Where you've seen it: It's one of the most entertaining events at each summer Olympics. There are also probably plenty of gyms in your area that teach the techniques. The flying kicks make their way into may video games like Street Fighter and Mortal Kombat, too. What to expect: Most Tae Kwon Do programs include a wide variety of activities. You'll do a lot of drills and a fair bit of sparring, but there are also other things like relaxation techniques, standard cardiovascular exercises and the ever-popular act of breaking crap like boards and bricks with your hands and feet. Is it right for you? Because the programs can vary so much, it's important to really check out the gym and observe a bit before committing. Since much of the sparring is done in full gear, there's often a lot of stuff to buy. That means more protection for you, though. And because of its Olympic status, finding opportunities for competition shouldn't be tough. [pagebreak]
What is it? Mixed Martial Arts hasn't been in this country for long, but it sure has changed a lot since the early days of the UFC. What started as a collection of fighters from strict background facing off Bloodsport-style has evolved into a mature sport with a huge following and lots of nuance.
Where you've seen it: Aside from the UFC, which will be making its way to Fox in early November, it was also given the big screen treatment in the movie Warrior starring Tom Hardy. There are also plenty of "cage fighting" scenes in movies that should be totally ignored if you don't want to sound like a jerk. What to expect: Most MMA programs consist of several parts, including a stand-up element and a grappling element. Muay Thai is common for striking and wrestling and Brazilian Jiu Jitsu are extremely common for the ground aspect. Contact will be very common and you can expect to leave exhausted most nights. Is it for you? Because there are so many aspects to MMA, it usually requires a bigger time and money commitment than some other schools. But, because you're doing so much work, it usually offers a superior workout. It's not meant for self-defense, but isn't the worst since it teaches fighters to handle a lot of diverse situations. It'll also make watching the UFC a lot more exciting.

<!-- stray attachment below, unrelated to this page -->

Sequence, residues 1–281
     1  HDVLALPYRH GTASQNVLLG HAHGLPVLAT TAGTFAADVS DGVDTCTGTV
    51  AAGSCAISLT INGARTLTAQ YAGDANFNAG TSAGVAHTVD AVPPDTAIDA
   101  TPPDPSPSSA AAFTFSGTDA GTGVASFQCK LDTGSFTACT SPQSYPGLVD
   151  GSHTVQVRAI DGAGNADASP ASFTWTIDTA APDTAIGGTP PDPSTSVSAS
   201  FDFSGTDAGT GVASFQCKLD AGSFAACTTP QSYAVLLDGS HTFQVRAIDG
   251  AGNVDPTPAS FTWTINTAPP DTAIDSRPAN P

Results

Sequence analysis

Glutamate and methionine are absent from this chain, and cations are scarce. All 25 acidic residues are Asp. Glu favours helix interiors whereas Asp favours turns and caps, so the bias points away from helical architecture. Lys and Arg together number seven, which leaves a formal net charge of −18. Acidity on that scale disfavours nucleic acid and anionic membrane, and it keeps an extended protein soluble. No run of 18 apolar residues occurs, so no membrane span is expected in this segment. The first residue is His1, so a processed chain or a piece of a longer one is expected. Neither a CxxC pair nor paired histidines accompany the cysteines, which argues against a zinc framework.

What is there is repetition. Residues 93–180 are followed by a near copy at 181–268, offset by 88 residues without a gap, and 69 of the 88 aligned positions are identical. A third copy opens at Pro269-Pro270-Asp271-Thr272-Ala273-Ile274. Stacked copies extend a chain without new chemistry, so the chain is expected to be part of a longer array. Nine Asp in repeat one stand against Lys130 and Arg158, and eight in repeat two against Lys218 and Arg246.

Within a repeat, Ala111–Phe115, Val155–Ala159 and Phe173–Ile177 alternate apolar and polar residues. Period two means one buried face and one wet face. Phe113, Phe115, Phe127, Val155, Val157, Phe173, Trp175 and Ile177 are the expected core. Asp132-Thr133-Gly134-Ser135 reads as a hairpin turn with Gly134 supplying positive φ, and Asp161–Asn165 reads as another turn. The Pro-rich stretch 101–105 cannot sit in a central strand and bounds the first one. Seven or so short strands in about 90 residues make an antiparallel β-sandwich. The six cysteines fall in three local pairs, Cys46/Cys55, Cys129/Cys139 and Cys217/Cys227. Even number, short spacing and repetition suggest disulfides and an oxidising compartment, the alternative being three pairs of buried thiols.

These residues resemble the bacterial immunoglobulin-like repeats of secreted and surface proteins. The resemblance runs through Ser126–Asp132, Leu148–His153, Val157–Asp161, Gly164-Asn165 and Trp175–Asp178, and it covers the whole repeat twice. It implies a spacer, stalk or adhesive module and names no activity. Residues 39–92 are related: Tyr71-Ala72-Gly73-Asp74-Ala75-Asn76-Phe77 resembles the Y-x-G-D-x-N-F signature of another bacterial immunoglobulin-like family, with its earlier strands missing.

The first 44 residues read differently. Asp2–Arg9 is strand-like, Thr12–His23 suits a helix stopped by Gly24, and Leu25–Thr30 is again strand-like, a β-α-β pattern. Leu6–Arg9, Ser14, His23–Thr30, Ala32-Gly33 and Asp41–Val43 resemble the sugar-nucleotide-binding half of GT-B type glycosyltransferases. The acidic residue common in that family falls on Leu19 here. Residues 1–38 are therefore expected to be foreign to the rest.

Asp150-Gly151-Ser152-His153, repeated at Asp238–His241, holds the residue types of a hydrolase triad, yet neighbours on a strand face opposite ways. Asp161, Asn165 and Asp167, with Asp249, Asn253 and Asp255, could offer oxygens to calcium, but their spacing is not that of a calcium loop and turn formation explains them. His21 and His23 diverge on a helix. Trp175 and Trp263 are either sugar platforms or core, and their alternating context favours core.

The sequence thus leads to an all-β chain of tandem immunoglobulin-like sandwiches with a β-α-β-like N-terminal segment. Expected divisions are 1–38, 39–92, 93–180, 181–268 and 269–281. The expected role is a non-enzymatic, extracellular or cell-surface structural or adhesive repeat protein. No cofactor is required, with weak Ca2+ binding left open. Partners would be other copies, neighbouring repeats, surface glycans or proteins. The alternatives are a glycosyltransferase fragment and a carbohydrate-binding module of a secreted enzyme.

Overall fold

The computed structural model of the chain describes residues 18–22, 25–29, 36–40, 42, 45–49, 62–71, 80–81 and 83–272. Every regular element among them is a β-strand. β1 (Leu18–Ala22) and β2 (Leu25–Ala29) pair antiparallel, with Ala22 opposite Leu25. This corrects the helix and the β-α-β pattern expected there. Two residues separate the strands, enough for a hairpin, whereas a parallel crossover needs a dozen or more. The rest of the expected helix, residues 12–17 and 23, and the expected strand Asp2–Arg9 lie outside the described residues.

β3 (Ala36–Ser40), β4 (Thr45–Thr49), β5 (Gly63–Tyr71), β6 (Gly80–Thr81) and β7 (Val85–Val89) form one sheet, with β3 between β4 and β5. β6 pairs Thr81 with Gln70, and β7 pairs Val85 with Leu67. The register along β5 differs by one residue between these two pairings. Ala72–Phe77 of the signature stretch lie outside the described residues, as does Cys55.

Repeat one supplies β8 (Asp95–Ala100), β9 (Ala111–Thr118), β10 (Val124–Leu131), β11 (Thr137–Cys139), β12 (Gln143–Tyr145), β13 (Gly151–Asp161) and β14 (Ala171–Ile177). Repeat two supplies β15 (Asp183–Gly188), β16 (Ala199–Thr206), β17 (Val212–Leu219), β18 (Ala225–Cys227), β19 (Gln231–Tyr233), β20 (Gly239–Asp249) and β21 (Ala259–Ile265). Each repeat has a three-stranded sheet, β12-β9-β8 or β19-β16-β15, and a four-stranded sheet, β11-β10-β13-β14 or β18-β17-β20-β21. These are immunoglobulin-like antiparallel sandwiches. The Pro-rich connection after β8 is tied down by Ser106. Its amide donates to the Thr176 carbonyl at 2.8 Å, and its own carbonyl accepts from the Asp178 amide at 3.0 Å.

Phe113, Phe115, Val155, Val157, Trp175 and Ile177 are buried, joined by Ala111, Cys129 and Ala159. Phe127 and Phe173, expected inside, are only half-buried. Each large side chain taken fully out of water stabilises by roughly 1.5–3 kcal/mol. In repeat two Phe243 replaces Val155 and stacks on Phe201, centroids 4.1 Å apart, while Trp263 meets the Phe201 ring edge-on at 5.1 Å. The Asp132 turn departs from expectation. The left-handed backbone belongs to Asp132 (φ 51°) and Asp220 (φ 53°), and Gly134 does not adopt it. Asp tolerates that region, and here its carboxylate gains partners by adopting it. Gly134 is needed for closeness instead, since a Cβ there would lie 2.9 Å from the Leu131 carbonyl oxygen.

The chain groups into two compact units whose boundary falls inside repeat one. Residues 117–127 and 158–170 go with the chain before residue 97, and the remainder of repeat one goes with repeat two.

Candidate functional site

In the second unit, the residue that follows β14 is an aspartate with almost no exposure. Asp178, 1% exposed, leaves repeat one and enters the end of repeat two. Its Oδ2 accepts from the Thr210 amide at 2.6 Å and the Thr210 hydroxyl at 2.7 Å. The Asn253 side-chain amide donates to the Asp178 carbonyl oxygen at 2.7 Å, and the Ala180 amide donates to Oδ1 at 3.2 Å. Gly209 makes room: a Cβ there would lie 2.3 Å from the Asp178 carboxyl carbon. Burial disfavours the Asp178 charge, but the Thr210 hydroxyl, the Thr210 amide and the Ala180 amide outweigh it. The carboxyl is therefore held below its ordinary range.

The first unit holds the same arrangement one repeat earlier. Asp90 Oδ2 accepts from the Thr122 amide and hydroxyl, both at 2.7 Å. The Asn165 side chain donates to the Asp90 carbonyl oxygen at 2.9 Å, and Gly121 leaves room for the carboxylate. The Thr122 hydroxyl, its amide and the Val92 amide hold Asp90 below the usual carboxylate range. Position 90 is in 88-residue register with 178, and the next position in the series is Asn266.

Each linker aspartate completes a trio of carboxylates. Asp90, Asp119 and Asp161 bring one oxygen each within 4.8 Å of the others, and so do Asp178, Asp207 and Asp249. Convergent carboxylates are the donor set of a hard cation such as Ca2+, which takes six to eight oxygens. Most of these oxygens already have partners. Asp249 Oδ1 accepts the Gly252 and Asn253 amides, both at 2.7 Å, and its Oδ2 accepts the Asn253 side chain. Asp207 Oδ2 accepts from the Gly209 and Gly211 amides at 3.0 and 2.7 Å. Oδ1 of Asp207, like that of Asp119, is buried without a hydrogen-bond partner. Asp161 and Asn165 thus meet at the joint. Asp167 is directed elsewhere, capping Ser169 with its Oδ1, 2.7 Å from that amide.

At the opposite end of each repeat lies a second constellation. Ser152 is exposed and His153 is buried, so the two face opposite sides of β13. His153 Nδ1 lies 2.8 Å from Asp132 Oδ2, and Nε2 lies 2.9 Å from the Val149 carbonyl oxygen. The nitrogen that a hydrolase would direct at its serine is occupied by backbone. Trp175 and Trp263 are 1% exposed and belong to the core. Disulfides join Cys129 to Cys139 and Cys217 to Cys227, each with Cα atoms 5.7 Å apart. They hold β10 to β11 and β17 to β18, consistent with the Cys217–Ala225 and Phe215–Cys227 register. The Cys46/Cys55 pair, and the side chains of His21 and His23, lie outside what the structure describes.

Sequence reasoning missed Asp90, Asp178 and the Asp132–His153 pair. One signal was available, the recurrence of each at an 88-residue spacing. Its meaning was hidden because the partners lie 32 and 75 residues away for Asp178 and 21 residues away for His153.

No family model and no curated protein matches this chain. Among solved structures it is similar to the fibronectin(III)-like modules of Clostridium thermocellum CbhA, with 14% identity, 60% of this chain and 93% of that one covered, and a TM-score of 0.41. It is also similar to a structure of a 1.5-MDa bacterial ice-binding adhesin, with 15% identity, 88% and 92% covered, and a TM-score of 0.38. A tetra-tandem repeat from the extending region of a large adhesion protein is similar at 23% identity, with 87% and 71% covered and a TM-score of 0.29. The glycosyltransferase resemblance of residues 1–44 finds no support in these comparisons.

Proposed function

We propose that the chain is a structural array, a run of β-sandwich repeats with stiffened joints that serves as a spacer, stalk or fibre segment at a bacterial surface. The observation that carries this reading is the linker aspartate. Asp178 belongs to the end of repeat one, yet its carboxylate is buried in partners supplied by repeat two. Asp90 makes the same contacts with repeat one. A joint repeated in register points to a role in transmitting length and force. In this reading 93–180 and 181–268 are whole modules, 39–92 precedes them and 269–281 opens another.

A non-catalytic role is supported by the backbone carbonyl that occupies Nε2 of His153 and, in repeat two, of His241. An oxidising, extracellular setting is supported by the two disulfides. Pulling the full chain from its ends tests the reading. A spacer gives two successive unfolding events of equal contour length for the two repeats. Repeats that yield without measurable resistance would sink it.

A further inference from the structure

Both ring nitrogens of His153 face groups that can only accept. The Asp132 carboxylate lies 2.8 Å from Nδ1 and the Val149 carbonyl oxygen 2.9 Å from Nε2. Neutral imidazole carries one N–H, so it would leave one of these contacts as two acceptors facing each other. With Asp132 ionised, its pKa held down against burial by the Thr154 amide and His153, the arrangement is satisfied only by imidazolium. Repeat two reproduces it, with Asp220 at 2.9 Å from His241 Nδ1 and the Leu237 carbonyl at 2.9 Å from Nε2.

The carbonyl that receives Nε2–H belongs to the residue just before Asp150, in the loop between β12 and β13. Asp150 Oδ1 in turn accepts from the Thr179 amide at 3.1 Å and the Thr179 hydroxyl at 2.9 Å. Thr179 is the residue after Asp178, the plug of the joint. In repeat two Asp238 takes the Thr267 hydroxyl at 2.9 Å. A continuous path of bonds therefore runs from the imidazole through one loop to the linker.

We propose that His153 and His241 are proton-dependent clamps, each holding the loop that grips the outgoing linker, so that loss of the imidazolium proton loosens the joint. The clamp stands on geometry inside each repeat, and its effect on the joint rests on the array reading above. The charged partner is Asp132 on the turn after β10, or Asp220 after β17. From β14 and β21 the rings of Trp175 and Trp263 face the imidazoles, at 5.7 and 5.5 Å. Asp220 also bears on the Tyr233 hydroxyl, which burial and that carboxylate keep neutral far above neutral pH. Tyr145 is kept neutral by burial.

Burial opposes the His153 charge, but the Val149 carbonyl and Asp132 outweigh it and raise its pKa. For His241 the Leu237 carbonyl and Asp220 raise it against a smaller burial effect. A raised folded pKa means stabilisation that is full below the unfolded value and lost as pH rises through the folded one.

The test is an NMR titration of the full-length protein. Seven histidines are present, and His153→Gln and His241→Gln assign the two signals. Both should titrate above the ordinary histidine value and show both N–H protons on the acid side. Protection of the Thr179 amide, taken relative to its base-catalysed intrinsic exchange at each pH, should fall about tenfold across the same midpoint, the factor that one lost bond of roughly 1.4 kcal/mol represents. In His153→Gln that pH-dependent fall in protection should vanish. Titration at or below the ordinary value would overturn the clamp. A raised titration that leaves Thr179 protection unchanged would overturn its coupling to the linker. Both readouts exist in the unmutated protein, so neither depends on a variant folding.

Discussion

What is it? Hailing from Japan in the late 1800s, Judo concentrates on throws and chokes, almost totally lacking strikes of any kind. Other marital arts like Sambo and Jiu Jitsu are actually off-shoots of Judo.
Where you've seen it: Again, there are plenty of Judo elements in MMA. If you've ever seen the legendary Fedor Emilianenko fight, you've seen him use Judo and Sambo to dominate opponents (at least until recently). Also, like Tae Kwon Do, it's an Olympic sport. What to expect: If you want to hit people, this isn't the place to be. The only time strikes are thrown are during kata or forms, which are pre-arranged fight scenarios designed to practice defending against strikes and show off the capabilities of Judo. You can also expect to get thrown on the ground. A lot. In fact, it's likely that every session, or at least most of them, will be spent practicing falling so it'll hurt less when you get taken down. Is it for you? While it has lost some ground to Brazilian Jiu Jitsu, Judo is still extremely popular when it comes to competition. While there's no striking, there's still plenty of impact and if you're in it for self-defense purposes, it's more practical than BJJ. It's a full-body workout, but your core and your grip will get the worst of it.